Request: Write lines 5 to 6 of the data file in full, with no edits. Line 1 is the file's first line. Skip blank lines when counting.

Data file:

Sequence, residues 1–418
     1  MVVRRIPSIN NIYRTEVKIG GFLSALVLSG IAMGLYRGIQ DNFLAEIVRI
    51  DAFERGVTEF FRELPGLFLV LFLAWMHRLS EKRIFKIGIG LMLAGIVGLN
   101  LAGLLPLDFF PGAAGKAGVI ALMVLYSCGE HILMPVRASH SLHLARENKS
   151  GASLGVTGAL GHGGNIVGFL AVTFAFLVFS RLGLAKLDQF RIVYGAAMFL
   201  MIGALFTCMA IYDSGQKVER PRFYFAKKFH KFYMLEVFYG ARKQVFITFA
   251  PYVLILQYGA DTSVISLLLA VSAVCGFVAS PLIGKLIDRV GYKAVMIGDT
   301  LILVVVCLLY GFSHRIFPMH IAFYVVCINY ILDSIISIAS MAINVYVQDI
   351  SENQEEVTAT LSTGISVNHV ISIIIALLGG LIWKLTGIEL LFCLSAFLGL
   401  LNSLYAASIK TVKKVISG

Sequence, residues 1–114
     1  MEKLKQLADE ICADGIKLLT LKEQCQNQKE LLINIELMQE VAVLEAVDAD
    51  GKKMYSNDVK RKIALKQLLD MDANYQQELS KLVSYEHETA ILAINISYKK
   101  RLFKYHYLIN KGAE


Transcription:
   151  GASLGVTGAL GHGGNIVGFL AVTFAFLVFS RLGLAKLDQF RIVYGAAMFL
   201  MIGALFTCMA IYDSGQKVER PRFYFAKKFH KFYMLEVFYG ARKQVFITFA